Rodhana: 11 definitions


Rodhana means something in Hinduism, Sanskrit, Buddhism, Pali. If you want to know the exact meaning, history, etymology or English translation of this term then check out the descriptions on this page. Add your comment or reference to a book if you want to contribute to this summary article.

In Hinduism

Rasashastra (chemistry and alchemy)

Source: Wisdom Library: Rasa-śāstra

Rodhana (रोधन):—Sixth of the eighteen Saṃskāra (special purification process). They are used to purify rasa (mercury) as per Rasaśāstra literature (Medicinal Alchemy), and are mentioned in texts such as the Rasaprakāśasudhākara. In Āyurveda, Saṃskāra refers to the “detoxification” process of metals and herbs. The Bodhana-saṃskāra is commonly used for Dravya-karma and Rasāyana-karma, but also to change (rasa) in its undesired properties and to improve its Bubhukṣā. In other words: the first eight saṃskāras are sequentially used to purify and detoxify mercury in preparation for internal use. Rodhana refers to the process of ‘countering’ or ‘coagulation’, by means of which mercury that has become purged of its toxic content but also its potency through the preceding operations, has its ‘virility’ (vīrya) restored to it through irrigation in a salt bath. This operation is said to give mercury a ‘mouth’ (mukha) with which to absorb other elements. This saṃskāra is also known as or bodhana (‘awakening’).

Source: History of Indian Science Technology (rasashastra)

Rodhana (रोधन, “potentiation”) represents to the sixth of eighteen alchemical purification processes of mercury (mahārasa, rasendra or pārada). A religio-philosophic base was given to mercury-based alchemy in India. Mercury was looked upon as the essence of God Śiva, and sulphur as that of Goddess Pārvatī.

Mercury had to undergo 18 processes (eg., rodhana) before it could be used for transforming either metals or the human body. A combination of male and female principles (i.e. mercury and sulphur) forming cinnabar or mercuric sulphide or even of mercury and mica, was supposed to be highly potent and was therefore consumed as a Rasāyana or medicine for increasing body fluids or vitality. The earliest mention of Rasāyana was found in Āyurveda which was probably composed by 8th or 9th century BC, since it was a part of Atharvaveda, the last of the four Vedas.

Source: Ayurveda and Pharmaceutics (rasashastra)

Rodhana (coagulation).—One of the eight Aṣṭasamskāra, or, processes that render mercury fit for internal use. These Aṣṭasamskāra of pārada (eight detoxification techniques for mercury) are mandatory before mercury is used in the pharmaceutical preparations. For Rodhana process mercury is mixed with rock salt and kept under the ground for three days.

Source: CCRAS: Ayurvedic pharmacopoeia of India, Appendix I

Rodhana (उत्थापन):—The sixth of the eight purification steps of Pārada (mercury), also known as the Aṣṭasaṃskāra.—Place the Pārada in a pot containing Saindhava-lavaṇa-jala and seal the mouth of the pot tightly. Place the pot undisturbed for three days. Decant the water on the fourth day to collect the Pārada. (see the Rasendracūḍāmaṇi 4.88, which is a 16th-century alchemical century treatise on Rasaśāstra by Ācārya Somdeva).


  1. Pārada [Mercury] (3 parts),
  2. Saindhava-lavaṇa-jala (quantum satis).
Rasashastra book cover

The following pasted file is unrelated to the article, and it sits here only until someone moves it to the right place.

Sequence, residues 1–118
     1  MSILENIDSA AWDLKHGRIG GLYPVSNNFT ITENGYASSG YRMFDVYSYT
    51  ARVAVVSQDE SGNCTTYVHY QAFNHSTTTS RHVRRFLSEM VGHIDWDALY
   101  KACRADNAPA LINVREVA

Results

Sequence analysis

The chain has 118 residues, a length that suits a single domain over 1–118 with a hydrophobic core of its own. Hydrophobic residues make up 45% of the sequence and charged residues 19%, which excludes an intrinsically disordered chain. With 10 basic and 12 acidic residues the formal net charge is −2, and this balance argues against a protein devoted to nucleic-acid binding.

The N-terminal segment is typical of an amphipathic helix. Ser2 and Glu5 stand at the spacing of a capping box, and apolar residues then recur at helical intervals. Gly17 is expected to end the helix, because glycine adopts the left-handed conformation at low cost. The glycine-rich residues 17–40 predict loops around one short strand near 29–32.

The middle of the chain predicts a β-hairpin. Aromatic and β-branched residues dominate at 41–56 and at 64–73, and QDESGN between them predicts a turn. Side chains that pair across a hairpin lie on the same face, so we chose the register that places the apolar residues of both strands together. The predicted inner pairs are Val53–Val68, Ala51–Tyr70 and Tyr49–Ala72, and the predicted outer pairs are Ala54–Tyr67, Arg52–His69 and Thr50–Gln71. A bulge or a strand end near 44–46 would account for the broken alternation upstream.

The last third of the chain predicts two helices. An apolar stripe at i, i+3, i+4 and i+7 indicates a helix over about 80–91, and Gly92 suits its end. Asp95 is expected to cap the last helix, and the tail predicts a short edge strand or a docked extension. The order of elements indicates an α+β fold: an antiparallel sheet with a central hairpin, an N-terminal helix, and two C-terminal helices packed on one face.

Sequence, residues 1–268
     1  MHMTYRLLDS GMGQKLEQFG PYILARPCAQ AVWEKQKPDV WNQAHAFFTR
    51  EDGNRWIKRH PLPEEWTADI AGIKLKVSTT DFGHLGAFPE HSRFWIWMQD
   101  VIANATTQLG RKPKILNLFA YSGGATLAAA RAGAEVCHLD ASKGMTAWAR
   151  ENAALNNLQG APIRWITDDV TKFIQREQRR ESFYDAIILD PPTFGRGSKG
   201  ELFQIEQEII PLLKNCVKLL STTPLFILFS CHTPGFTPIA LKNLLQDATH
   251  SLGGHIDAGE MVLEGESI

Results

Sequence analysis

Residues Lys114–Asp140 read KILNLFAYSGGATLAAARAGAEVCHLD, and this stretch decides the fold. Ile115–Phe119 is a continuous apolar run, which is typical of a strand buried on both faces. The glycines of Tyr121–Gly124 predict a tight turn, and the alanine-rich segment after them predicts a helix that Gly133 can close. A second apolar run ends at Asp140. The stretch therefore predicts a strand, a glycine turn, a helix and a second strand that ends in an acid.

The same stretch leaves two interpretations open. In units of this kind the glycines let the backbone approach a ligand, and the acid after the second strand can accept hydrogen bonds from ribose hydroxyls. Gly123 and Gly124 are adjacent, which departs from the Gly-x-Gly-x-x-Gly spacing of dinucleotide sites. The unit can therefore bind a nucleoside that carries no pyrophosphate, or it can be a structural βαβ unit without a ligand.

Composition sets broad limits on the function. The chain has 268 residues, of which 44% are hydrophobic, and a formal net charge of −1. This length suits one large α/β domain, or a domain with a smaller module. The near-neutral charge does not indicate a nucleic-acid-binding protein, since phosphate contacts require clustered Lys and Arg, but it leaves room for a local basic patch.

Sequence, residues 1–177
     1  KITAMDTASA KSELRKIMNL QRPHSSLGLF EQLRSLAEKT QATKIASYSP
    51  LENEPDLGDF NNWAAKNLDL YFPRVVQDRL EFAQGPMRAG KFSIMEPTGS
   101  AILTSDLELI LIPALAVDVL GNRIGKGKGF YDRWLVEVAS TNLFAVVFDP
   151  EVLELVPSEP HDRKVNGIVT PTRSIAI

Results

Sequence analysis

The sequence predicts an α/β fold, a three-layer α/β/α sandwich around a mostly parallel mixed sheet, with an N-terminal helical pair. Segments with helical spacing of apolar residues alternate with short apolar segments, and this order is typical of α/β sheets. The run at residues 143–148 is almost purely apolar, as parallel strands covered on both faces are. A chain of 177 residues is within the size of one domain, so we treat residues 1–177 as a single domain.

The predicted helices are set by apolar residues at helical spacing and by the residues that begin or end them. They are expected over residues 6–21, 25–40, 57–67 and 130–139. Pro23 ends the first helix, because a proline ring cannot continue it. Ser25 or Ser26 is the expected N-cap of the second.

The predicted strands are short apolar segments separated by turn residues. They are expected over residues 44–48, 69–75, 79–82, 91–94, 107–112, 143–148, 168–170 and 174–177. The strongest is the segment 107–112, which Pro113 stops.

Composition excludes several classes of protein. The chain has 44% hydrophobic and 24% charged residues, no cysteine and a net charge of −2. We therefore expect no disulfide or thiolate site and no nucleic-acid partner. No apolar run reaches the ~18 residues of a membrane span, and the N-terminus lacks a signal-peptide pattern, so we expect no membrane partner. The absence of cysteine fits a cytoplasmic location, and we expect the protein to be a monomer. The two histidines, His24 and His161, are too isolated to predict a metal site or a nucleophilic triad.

context information

Rasashastra (रसशास्त्र, rasaśāstra) is an important branch of Ayurveda, specialising in chemical interactions with herbs, metals and minerals. Some texts combine yogic and tantric practices with various alchemical operations. The ultimate goal of Rasashastra is not only to preserve and prolong life, but also to bestow wealth upon humankind.

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Languages of India and abroad

Pali-English dictionary

[«previous (R) next»] — Rodhana in Pali glossary
Source: BuddhaSasana: Concise Pali-English Dictionary

rodhana : (nt.) obstruction; prevention.

Source: Sutta: The Pali Text Society's Pali-English Dictionary

Rodhana, (nt.) (fr. rudh) obstructing J. V, 346; Sdhp. 57. (Page 576)

Pali book cover
context information

Pali is the language of the Tipiṭaka, which is the sacred canon of Theravāda Buddhism and contains much of the Buddha’s speech. Closeley related to Sanskrit, both languages are used interchangeably between religions.

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Sanskrit-English dictionary

Source: DDSA: The practical Sanskrit-English dictionary

Rodhana (रोधन).—[rudh-lyu lyuṭ vā] The planet Mercury.

-nam Stopping, checking, confining, restraint, check &c.

Derivable forms: rodhanaḥ (रोधनः).

Source: Cologne Digital Sanskrit Dictionaries: Shabda-Sagara Sanskrit-English Dictionary

Rodhana (रोधन).—mfn.

(-naḥ-nī-naṃ) Impeding, that which impedes or obstructs, an obstacle, a hinderer or hindrance. m.

(-naḥ) The planet Mercury. n.

(-naṃ) 1. Impeding, obstructing. 2. Besieging, blockading. E. rudh to obstruct, aff. lyuṭ .

Source: Cologne Digital Sanskrit Dictionaries: Benfey Sanskrit-English Dictionary

Rodhana (रोधन).—i. e. rudh + ana, I. adj. That which obstructs. Ii. m. The planet Mercury. Iii. n. 1. Obstructing. 2. Besieging.

Source: Cologne Digital Sanskrit Dictionaries: Cappeller Sanskrit-English Dictionary

Rodhana (रोधन).—[neuter] confining, investing, shutting up; restraining, suppressing.

context information

Sanskrit, also spelled संस्कृतम् (saṃskṛtam), is an ancient language of India commonly seen as the grandmother of the Indo-European language family. Closely allied with Prakrit and Pali, Sanskrit is more exhaustive in both grammar and terms and has the most extensive collection of literature in the world, greatly surpassing its sister-languages Greek and Latin.

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